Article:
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| By Wellvyl Media Editorial

Since grade school, we have heard the phrase “safe space”.  Usually totted in school hallways and then reaching out to public places, whenever people are called to join together to create a community of work, learning, or doing.   


But what exactly is a safe space?  If we think back to our school days we were told it was a place where everyone would feel comfortable to be themselves.  Yet, the supports set up to create a safe space don’t quite create an atmosphere for that. Arbitrary statements like “one mic” (ie one person speak at a time), every opinion matters and be nice are an idea for creating these spaces but in reality setting generic understandings of manners and passing them off as a space for people to feel “safe” to be themselves it doesn’t really equate.


It's a bit presumptuous to say we can create this space for others.  What we can do though is create a brave space for people to feel comfortable to be themselves.   In studies of brave spaces, the goal is the same but the journey is more supportive. Brave spaces ask people to take steps to understand themselves and others better.  


In the current state of our world, it is critical that we all reach deeper to create spaces of braveness as opposed to a false sense of safety (which only really allow a dominant voice to feel “safe”).  Check out a few tips below to help you establish a mindset of brave space in your own life.


Seek to understand opposing viewpoints; continue rather than stop the dialogue

Ask clarifying questions, or simply say ‘can you tell me more?’  or use ‘ I hear what you’re saying and’ as opposed to ‘ but’ to explain your perspective and learn more (as opposed to jumping to conclusions or shutting down.)  Understanding that this may mean revisiting the topic at a later date.


Own your intention and your impact

At times our intention of something we say or do does not match the impact it had on the other person(s).  We must own both what we were intending to do and the actual impact it had without defense but through a lens of seeking to understand the perspective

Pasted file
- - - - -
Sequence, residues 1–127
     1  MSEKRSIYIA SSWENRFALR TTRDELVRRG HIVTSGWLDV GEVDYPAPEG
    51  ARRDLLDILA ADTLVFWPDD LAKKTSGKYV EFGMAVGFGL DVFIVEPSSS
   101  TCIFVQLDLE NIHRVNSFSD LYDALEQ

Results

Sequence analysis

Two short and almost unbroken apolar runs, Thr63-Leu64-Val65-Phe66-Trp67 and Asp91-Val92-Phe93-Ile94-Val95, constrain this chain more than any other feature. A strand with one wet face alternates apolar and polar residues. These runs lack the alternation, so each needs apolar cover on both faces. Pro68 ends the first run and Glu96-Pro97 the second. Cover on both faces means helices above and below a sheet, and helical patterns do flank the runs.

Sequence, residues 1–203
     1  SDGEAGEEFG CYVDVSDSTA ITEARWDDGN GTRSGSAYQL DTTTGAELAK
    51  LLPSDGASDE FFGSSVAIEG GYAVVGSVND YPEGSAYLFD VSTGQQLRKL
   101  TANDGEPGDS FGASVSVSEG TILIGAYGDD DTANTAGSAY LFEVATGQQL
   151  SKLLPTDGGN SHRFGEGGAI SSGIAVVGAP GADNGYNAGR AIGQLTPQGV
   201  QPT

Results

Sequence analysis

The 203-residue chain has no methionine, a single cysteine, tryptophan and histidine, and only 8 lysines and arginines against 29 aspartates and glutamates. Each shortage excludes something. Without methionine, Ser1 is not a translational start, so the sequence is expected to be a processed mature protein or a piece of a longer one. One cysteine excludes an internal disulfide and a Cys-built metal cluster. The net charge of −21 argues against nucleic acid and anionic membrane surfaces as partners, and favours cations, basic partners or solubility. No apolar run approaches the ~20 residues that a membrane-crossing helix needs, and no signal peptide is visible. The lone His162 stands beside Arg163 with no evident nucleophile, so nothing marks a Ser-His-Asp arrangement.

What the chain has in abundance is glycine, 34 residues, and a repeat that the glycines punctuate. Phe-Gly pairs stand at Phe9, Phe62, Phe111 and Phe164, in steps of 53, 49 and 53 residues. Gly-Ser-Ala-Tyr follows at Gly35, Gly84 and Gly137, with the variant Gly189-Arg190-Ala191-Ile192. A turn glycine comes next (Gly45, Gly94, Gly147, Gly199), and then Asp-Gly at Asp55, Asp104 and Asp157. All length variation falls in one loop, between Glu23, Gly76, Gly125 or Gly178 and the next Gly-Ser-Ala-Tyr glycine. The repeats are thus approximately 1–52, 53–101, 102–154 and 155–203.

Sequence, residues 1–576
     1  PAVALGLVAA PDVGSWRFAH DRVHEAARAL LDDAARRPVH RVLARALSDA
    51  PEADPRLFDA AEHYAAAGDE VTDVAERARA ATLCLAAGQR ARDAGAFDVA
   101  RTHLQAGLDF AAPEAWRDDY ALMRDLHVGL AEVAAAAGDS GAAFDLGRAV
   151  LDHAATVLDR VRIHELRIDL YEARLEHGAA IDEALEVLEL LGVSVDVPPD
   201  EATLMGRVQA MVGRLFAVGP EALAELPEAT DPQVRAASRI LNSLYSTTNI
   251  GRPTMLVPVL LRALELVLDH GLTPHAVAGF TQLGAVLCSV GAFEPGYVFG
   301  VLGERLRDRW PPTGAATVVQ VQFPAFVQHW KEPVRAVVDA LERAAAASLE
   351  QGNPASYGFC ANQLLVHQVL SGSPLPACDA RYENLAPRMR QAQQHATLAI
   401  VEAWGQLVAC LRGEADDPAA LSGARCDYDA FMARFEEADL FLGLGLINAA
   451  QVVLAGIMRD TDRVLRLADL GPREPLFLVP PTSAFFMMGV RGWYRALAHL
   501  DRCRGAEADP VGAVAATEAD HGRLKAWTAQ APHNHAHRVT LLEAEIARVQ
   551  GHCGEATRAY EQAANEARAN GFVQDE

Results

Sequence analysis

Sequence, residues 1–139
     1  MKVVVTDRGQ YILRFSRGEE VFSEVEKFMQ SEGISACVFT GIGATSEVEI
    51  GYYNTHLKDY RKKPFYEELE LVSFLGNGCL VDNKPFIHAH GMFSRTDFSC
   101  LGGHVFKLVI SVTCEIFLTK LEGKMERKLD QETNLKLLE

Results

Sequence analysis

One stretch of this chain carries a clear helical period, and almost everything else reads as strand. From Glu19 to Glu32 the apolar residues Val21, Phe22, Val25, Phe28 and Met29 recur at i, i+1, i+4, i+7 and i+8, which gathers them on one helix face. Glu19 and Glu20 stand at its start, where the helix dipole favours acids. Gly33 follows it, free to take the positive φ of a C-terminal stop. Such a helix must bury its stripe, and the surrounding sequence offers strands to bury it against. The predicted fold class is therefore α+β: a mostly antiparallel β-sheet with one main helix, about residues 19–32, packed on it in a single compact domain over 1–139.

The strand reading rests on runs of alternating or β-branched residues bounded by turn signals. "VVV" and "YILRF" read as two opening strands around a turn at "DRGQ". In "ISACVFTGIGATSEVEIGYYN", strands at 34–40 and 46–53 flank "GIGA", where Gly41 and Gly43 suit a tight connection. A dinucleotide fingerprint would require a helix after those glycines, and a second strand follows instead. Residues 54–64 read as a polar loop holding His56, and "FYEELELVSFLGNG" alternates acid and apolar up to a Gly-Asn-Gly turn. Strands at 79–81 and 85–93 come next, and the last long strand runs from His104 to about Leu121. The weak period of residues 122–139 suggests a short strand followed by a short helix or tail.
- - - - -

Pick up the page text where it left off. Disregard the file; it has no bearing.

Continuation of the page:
Examine your personal choice to engage in the challenge

When you choose to (or not to) engage in a topic ask yourself why.  Be mindful of the reasons you are choosing to disengage as well as the privileges you might carry that allow you to “tune out” instead of “tune in”


Mindfulness of different ways to demonstrate respect  to others and self

Be aware of what you and others need and how to respect, even if there is differing opinion, can be present.


Acknowledge the discomfort that is usually associated with the challenge to an individual’s belief or thoughts by reflecting on how the challenge may actually threaten the privileges of one’s group membership and the deeper root of defensiveness

Instead of shutting down in times of discomfort we focus on reflecting (inwardly/ outwardly) on defenses we might feel, especially as they relate to the greater connection to the societal oppression of groups of people and our positionality


Accept you cannot control the actions/reactions of others

Especially in times of discomfort, we tend to want to have a sense of control over others actions/ reactions.  We must honor each other’s truths and instead lean on seeking to understand and focusing on our own reflection, specifically as to why we want to control